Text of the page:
A dog, a pit bull terrier, allegedly killed his female master on September 3, 1992, in Cleveland. There were 180 bite marks on the dead woman's body, according to the Cuyahoga County coroner. I read that news story and revisited the horror my family experienced on Christmas Eve, 1989.
We had a pit bull. He was all white. I named him Chester, after Chester Avenue in Cleveland, where I found him in the middle of the busy street, trapped amid traffic. I could not just drive by. I stopped to shoo him off the roadway. Instead of running off, he got to the tree lawn and rolled over by a belly-rub. He had me by the heartstrings. I took him to a veterinarian for a checkup and neutering that very day.
Chester was not yet one year old, but he was big and well-muscled. He was friendly even with strangers. He spent most of his time in a fenced area with another dog I had taken in, and things went smoothly throughout that fall. When the temperatures turned cold, I brought the two dogs into the heated, finished basement of our country home.
On many occasions I let Chester sleep with my youngest daughter. (She was only three.) Chester was also allowed to mingle with my assorted formerly stray cats, and a rabbit who ran loose in the house. He never paid any attention to the other animals, but he loved the attention he got from my three daughters.
My husband always had reservations about Chester because of his breed. I, on the other hand, got used to the idea of having a pit bull, and I trusted that nothing bad would happen. After all, we were not encouraging aggressiveness. We never roughhoused with Chester. We didn't want a guard dog, and we kept a close eye on him when he was with the children.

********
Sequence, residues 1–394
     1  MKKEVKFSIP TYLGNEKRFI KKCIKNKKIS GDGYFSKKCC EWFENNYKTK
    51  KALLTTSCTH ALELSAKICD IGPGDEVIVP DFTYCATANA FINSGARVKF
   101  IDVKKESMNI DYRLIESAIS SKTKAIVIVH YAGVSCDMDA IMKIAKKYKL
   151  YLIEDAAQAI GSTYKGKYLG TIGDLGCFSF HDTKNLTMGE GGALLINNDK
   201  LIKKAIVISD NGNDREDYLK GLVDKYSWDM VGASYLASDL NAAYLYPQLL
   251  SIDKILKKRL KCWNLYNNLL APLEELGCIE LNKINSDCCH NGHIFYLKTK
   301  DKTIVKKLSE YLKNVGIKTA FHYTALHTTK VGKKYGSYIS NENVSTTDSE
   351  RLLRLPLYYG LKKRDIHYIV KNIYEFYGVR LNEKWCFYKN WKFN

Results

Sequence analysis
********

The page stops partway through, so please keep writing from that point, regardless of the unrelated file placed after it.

I, an animal health technician, former zookeeper, and animal activist, believed that Chester would not be one of those vicious dogs you read about in newspaper headlines. I was wrong.
On Christmas Eve, after a family gift-opening get-together, we returned to our home. My husband was the first to enter the house. I was sleeping in the car when he shook me into reality. "Donna," he said, "it's awful. I wish I could hide this from you. I can't. Come in."
What awaited me in the house was a scene from a horror movie. Chester, greeting me in the kitchen, had long red scratches all over his face. There were streaks of blood here and there on the carpeting throughout the house. The French doors between the basement steps and the living room had been forced open. and there were dead bodies everywhere.
My rabbit was dead on my bed. One cat lay dead in the basement, another under my dresser. Two cats, locked safely in a bedroom, were unscathed. One cat survived atop the refrigerator, but a claw had been ripped from his paw. The fourth survivor was huddled on the top bunk in my daughter's bedroom, wild-eyed and quivering. It took him weeks to return to normal behavior.
My husband reluctantly shot Chester. We then went about placing presents under the tree and stuffing stockings. It was a grim Christmas morning as I watched the sun rise through tears, and I hugged my daughters a little harder that day.
From ANIMAL PEOPLE, January/February 1993
[Donna Robb, now a reporter for the Cleveland Plain Dealer, is a vet tech who was formerly an elephant keeper at the Cleveland MetroPark Zoo.]